The claim: Mayonnaise is a major source of foodborne illness.
The facts: This myth continues to circulate, even on some reputable websites. Granted, summertime picnic spreads that include heaping bowls of potato salad, chicken salad, tuna salad, and egg salad can easily be the source of food poisoning if these foods are left out in the heat. But here’s the thing: Commercial mayonnaise—made primarily of water, vegetable oil, and eggs—isn’t the culprit.
The mayonnaise myth began back when it was more common to make mayonnaise from scratch. But commercial mayonnaise doesn’t cause food poisoning for a couple of reasons. One is that it is made with pasteurized eggs, which carry virtually no risk of contamination. Second, commercially prepared mayonnaise must adhere to what’s known as a “standard of identity” set by the FDA—that is, it must be made with specific ingredients in a specific way. Two of the required ingredients for mayonnaise are vinegar and lemon juice, in set amounts. Both are acidic, and acid is the enemy of foodborne bacteria.
According to a review of literature, published in the Journal of Food Protection, Salmonella, E. coli, Listeria, and other harmful bacteria die when “inoculated” into mayonnaise. “Acidity is the most important intrinsic characteristic of mayonnaise, dressings, and sauces in determining the growth and the survival of pathogenic bacteria,” the paper noted. At the time of publication (2000), there had been no incidences of foodborne illness associated with commercially produced mayonnaise, giving it a “remarkable safety record.” There are no reports from the CDC since then, either.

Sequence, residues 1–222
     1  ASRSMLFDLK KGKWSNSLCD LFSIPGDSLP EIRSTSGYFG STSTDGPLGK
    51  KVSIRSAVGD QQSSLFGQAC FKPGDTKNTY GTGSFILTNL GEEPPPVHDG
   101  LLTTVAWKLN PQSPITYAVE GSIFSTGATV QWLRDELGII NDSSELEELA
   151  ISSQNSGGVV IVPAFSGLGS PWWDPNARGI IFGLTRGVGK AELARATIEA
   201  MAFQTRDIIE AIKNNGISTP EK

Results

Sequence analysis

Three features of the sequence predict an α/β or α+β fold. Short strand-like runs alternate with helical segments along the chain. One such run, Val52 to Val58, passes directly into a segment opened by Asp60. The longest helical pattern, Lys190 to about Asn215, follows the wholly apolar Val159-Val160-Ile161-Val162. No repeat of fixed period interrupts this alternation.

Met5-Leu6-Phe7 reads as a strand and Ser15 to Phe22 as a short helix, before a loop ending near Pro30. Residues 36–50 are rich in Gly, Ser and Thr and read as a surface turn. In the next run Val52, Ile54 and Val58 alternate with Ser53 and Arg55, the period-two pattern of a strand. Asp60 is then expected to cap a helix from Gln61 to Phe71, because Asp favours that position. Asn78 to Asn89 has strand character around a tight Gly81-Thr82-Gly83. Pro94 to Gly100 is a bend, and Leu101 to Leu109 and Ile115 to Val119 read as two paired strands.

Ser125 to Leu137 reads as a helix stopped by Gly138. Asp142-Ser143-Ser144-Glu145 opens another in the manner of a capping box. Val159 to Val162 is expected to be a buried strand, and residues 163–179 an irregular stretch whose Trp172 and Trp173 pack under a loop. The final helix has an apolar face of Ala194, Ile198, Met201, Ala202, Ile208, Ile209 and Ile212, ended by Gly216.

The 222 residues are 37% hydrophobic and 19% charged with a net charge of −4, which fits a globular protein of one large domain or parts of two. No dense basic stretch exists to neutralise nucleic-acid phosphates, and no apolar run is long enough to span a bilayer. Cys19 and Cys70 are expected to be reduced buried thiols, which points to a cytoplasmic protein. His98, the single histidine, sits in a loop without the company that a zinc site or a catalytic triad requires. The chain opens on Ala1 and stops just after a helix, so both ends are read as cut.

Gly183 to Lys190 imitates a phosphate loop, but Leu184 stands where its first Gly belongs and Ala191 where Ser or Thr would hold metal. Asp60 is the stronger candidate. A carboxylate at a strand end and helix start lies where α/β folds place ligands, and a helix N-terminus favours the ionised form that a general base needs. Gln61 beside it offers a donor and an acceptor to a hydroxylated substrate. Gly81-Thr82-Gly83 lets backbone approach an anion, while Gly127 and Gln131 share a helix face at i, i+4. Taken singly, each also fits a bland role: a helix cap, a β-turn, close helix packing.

The fact is, it is the ingredients that are commonly paired with mayonnaise that are the risky ones. Chicken, tuna, potatoes, and eggs, for example, are all less acidic than mayonnaise and thus more susceptible to bacterial growth. Combine that with temperatures above 40°F and any bacteria that may be present will double in as little as 20 minutes. If mayonnaise is part of the dish, bacterial growth is actually diminished, though mixing mayonnaise with contaminated ingredients doesn’t make a dish safe. Food safety rules still apply:
- Wash hands and surfaces often during preparation.
- Don’t cross contaminate (don’t mix raw foods with cooked foods).
- Refrigerate perishable foods as soon as possible (40°F or below).
- If mayo dishes, such as chicken salad or tuna salad, are on your picnic menu, bring them in a cooler packed with ice to keep them below 40°F. And keep in mind that the USDA recommends throwing out any perishable foods, such as meat, poultry, fish, eggs, and prepared foods, that have been at room temperature for more than two hours, and after one hour if the temperature is 90°F or above.
- Refrigerating mayonnaise keeps it fresh longer. And the USDA advises discarding opened mayonnaise (as well as tartar sauce and horseradish) if it sits above 50°F for more than 8 hours. One concern is that the mayo could have been contaminated by other foods you have mixed with it (by using the same knife or spoon, for example), and those foods might encourage bacterial growth.